Variations in Rates of Hospitalization of Children in Three Urban Communities
Perrin, James M.
Homer, Charles J.
Berwick, Donald M.
Woolf, Alan D.
Freeman, Jean L.
Wennberg, John E.
New England Journal of Medicine. 1989 May 4; 320(18): 1183-1187.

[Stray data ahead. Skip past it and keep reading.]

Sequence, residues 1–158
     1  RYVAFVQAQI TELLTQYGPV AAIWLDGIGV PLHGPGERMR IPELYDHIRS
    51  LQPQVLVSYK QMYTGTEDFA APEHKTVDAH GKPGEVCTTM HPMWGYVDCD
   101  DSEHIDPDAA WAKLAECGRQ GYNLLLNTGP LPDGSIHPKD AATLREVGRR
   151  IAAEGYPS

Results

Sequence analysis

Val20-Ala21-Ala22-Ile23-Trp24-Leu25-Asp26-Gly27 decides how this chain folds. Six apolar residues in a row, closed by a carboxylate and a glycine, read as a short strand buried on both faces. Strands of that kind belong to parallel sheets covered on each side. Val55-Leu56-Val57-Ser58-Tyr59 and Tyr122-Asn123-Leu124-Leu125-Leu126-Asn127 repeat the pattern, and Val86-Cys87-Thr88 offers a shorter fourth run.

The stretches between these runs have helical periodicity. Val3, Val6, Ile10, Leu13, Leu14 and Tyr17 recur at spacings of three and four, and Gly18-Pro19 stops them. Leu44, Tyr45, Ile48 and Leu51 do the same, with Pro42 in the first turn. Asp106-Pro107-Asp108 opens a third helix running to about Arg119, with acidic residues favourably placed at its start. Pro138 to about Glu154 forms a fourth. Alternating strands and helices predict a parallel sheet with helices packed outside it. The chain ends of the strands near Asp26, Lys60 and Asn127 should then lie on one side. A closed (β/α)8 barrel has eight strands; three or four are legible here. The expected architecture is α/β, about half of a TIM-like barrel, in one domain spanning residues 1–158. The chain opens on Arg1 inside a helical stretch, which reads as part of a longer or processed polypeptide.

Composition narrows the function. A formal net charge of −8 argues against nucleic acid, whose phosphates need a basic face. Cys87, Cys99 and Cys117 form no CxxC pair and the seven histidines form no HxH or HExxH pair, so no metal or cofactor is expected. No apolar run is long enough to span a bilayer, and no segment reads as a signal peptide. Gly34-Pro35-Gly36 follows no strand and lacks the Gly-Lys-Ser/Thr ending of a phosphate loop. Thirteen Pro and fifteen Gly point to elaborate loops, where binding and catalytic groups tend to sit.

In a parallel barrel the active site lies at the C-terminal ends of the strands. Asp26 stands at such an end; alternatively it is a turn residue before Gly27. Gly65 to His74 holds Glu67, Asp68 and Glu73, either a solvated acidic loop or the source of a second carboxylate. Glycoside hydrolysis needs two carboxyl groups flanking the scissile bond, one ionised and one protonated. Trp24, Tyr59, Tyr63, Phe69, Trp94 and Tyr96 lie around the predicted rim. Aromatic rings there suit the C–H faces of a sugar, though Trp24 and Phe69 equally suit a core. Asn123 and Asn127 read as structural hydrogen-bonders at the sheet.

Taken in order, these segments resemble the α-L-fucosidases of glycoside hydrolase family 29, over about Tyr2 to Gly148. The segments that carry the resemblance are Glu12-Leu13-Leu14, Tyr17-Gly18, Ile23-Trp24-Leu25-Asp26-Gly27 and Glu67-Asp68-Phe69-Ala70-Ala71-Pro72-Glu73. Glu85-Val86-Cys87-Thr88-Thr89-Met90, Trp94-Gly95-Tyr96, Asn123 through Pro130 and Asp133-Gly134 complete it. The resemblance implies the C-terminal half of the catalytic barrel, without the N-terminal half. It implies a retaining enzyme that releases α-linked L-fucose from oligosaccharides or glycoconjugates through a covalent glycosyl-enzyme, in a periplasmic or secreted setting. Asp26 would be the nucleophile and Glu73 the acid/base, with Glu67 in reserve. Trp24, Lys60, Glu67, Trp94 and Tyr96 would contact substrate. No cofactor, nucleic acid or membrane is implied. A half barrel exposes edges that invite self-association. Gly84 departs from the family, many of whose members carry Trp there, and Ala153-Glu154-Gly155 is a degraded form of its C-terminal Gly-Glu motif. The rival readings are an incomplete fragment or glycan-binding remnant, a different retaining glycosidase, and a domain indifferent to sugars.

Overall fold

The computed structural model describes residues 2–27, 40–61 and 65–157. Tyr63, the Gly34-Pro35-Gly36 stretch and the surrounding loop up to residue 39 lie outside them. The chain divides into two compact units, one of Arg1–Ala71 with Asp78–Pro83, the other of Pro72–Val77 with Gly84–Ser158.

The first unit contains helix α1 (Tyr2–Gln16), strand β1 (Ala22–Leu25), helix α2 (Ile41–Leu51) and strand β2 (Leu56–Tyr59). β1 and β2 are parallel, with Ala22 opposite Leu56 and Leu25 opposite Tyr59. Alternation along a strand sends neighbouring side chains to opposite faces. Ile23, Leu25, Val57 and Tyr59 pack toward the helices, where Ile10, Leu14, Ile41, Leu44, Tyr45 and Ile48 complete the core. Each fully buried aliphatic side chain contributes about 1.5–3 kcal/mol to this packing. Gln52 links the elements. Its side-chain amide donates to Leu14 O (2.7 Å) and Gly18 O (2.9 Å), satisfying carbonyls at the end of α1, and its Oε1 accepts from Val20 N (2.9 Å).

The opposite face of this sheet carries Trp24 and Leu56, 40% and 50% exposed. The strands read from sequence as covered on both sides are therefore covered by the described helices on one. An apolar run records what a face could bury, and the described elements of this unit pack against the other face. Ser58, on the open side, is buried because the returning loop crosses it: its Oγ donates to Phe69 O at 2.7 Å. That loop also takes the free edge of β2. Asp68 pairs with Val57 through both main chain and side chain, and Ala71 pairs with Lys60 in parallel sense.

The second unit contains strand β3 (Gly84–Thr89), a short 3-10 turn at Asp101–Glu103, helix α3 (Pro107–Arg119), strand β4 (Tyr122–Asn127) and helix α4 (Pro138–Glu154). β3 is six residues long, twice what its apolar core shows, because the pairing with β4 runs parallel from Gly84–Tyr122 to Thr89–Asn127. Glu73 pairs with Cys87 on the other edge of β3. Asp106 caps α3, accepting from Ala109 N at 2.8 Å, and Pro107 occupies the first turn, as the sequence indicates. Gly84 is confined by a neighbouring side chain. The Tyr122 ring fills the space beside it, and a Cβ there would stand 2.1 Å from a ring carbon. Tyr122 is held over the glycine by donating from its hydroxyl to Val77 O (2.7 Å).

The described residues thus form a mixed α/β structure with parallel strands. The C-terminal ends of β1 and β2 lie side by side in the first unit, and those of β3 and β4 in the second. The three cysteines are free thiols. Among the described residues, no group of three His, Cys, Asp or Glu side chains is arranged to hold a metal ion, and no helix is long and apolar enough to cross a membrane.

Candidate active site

A large portion of the expenditures for child health care in the United States goes to cover hospitalization. Studies have indicated substantial variations in hospitalization rates of children across different geographical areas, which may account for regional differences in the cost of children's health care. The authors studied hospitalization rates among children in three urban areas where teaching hospitals provide most of the hospital-based care: Boston, Rochester (NY), and New Haven (CT). The study found sizable differences in the rates of hospitalization. Although data regarding socioeconomic status and insurance coverage were not available, the authors speculate that these factors might help to explain some of the variations in admission rates. Perrin, et al., conclude that the implications of their data regarding cost and quality of care remain speculative, and recommend further study of the way decisions to hospitalize children are made. (KIE abstract)
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